April 9, 2012

In Defense of Hypocrisy

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Two weeks ago, in response to a column I wrote about walking barefoot as a revolutionary act, a reader made this comment on The Sun website:

“As someone who grew up in a developing country, I find this article to be extremely naïve and ill-advised, written by a privileged boy from a well-to-do family who has white-guilt about his family’s financial comfort.”

The reader is absolutely right, but doesn’t go far enough. I’m not just a privileged boy from a well-to-do family; I’m also a heterosexual, an American and, perhaps worst of all, a consumer. I own a cell phone, a laptop and endless other bits of plastic crap which we, as a society, have convinced each other we need.

“White-guilt” doesn’t begin to cover what I have. As a wealthy, straight, white, male American consumer, my lifestyle is built upon violence against humanity and violence against the earth. The violence of my privilege is the fundamental premise upon which my political and social consciousness is built. If you don’t accept this premise, nothing I write will make much sense to you.

So if I am, in fact, the oppressor, what business do I have writing an opinion column? Do we really need more input from the patriarchy? Doesn’t the voice of the oppressor already fill the room every time a black child is murdered without consequences, every time a 12-year-old Chinese girl works herself to death to assemble the toys I think I need, every time the American Empire kicks over a sovereign nation in my name?

How do I justify driving my Prius from Cornell University to New York City so that I can march down a street and chant, “We are the 99 percent”? Every time the word “revolution” passes my white lips, the words of the late, great Gil Scott-Heron come to mind:

“The irony of it all, of course, is when a pale-faced SDS [Students for a Democratic Society] motherfucker dares look hurt when I tell him to go find his own revolution … Your great-grandfather tied a ball and chain to my balls and bounced me through a cotton field, while I lived in an unflushable toilet bowl, and now you want me to help you overthrow what?”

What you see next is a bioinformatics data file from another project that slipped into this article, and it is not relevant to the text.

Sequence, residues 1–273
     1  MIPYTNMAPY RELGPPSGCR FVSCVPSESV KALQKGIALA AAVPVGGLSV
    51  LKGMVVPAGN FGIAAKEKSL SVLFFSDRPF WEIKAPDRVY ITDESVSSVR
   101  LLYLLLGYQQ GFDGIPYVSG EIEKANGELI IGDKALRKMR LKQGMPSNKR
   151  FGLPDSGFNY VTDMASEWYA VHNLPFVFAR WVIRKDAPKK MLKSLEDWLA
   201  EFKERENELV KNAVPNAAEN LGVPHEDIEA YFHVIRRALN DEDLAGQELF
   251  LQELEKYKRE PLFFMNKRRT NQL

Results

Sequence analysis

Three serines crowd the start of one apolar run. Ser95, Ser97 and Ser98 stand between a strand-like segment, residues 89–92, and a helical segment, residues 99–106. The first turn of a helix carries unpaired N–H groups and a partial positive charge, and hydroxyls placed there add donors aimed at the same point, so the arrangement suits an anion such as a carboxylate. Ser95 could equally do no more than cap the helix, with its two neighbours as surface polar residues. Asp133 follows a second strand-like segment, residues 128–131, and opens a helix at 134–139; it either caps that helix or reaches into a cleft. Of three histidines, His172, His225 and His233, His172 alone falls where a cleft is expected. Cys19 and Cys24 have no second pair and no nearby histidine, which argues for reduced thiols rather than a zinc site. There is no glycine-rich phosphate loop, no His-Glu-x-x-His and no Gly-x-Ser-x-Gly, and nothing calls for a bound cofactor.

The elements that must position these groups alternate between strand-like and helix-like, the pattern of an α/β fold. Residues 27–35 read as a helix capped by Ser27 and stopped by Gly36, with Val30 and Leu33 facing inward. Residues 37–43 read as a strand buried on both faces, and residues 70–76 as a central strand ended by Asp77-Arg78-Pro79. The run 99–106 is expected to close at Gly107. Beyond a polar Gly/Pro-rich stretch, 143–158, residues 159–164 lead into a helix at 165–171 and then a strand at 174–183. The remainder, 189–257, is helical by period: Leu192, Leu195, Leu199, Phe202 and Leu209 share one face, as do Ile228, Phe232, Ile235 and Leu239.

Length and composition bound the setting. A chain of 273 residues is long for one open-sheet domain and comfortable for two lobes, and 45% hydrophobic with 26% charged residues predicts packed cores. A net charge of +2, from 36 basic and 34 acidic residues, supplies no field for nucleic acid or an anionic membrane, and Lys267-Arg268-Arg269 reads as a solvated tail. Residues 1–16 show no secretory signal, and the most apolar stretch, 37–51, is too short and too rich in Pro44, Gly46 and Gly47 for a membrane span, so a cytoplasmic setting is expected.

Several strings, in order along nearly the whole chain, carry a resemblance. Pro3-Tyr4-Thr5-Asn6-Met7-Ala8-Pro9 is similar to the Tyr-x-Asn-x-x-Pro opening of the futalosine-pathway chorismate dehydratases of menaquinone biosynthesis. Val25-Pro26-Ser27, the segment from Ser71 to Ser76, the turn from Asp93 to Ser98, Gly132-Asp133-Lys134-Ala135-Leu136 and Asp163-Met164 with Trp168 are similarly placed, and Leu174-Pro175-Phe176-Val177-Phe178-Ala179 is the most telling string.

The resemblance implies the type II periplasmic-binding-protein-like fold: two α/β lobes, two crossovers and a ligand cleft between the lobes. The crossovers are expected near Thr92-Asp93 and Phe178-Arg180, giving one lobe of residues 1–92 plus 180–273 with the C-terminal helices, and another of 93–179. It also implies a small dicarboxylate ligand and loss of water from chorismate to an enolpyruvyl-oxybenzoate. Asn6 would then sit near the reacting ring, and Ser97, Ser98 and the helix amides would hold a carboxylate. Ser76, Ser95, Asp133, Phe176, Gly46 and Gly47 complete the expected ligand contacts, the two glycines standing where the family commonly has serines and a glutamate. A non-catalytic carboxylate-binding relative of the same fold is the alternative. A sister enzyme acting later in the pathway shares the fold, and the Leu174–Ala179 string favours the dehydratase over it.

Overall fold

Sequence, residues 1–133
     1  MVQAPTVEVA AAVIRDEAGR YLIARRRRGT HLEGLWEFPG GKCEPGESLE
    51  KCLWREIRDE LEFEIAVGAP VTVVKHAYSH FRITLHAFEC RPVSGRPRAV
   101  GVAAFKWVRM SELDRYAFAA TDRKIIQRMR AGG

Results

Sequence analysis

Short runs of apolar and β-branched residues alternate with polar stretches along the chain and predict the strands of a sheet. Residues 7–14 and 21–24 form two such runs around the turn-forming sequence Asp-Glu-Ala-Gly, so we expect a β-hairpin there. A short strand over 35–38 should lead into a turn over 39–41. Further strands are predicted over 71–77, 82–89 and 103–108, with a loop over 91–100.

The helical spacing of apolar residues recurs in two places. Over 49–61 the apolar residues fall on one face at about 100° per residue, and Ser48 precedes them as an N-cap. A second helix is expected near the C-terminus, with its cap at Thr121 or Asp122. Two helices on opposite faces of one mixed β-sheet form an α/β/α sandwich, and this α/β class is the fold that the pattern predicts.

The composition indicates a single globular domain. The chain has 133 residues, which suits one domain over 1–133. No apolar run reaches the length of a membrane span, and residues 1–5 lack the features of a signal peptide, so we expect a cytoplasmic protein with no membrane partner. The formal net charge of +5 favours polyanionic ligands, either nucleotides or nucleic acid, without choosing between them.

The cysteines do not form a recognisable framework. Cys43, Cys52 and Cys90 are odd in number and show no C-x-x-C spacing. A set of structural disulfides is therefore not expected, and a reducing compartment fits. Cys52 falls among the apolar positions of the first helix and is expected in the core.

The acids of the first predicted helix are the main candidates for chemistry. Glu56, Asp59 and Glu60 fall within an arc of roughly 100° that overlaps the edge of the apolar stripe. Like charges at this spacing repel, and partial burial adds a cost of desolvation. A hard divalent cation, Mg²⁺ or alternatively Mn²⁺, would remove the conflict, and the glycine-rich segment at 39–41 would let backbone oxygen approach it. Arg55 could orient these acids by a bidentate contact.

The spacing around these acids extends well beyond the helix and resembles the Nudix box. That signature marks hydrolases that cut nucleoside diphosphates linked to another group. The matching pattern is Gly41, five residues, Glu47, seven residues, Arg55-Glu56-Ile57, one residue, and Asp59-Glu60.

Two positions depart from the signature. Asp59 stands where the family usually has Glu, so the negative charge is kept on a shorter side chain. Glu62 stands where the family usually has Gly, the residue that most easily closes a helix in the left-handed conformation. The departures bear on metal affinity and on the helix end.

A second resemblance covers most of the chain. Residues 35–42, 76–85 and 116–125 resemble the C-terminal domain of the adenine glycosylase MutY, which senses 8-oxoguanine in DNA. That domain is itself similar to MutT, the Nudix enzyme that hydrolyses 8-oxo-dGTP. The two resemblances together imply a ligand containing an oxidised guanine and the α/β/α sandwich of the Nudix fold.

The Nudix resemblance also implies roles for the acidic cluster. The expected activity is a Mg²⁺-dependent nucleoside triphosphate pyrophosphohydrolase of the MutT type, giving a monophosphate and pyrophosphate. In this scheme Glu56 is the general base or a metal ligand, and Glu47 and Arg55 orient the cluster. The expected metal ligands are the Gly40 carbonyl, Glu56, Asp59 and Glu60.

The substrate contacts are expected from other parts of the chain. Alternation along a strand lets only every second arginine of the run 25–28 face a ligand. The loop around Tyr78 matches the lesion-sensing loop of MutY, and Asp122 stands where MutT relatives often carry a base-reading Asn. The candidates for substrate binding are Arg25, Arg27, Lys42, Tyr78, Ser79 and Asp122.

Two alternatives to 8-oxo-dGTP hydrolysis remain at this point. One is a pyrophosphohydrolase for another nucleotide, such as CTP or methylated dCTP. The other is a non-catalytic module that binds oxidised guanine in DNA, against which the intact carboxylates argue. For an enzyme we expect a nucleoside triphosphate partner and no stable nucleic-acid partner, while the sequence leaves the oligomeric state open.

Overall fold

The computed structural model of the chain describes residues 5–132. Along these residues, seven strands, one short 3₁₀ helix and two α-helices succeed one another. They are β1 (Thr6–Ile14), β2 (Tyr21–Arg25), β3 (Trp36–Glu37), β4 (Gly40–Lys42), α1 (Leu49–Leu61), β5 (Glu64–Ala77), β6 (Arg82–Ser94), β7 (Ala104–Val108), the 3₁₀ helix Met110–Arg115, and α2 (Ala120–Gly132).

As a white activist, I get this a lot. What does a white liberal weekend revolutionary know about police brutality? What gives me the cultural authority to quote the poetry of Gil Scott-Heron? And who the hell do I think I am?

Well, I’m me. I don’t really have any other options. I was born with this skin color, with this ancestry, with this gender, with this trust fund. Whatever objections I may have to consumerism, I was born into this economy. However abhorrent I may find war, I was born into the country with all the guns, and the belligerence to use them.

So, I’m me, and injustice is injustice. I can’t change the circumstances of my birth. I can’t go back in time and convince my ancestors not to keep slaves or steal Native American land. I can’t snap my fingers and rid the world of racism, sexism and heteronormativity. I can’t single-handedly stop industrial capitalism from raping the planet to death. I wish I could, but I can’t.

Here’s what I can do:

1) I can shut up. I can accept that the color of my skin and the depth of my pockets make me ineligible to even utter the word “oppression.” I can spend my life playing backgammon and trying to drown my white guilt in tea and crumpets. I can leave reform and revolution to those “culturally authorized” to fix the world.

2) I can keep talking. I can accept accusations that I “don’t get it,” because in some ways I probably don’t. I can try my best, given my limited and problematic perspective, to point out and fight against injustice whenever and wherever I see it, and to stand in solidarity with those whose struggles I perceive as righteous.

As an oppressor with a conscience, I am confronted with a choice between silence and what some would call hypocrisy. I’ll choose hypocrisy every time.

If you want to disregard what I say because of the color of my skin, the social class of my parents and the atrocities of my great-grandparents, that’s your prerogative. I don’t have the authority or the desire to ask anyone to ignore the violence of my privilege. Telling me to shut up is thus absolutely legitimate.

That being said, when I see something I think is wrong, I’m going to make as much noise about it as possible, even at the risk of sounding “naive and ill-advised.” If this makes me a hypocrite, so be it. After all, plenty of white liberals participated in the Civil Rights Movement, and despite Gil Scott-Heron’s completely legitimate accusations of hypocrisy, I think the white liberals helped the Movement considerably. It was, in part, their privilege, rooted in a racist system, which empowered them to battle the forces of racism.

Similarly, privilege grants me access to education. If we don’t use the tools that education gives us to look outside of our own privilege bubbles, then higher education is a criminal misallocation of society’s resources and an inexcusable circle-jerk. For better or for worse, privilege grants me a louder voice than most. I’m going to use that voice to cry bloody murder whenever I get the chance, especially when the blood is on my own hands.

Tom Moore is a sophomore in the College of Arts and Sciences. He may be reached at ­[email protected] What Even Is All This? appears alternate Tuesdays this semester.

Original Author: Tom Moore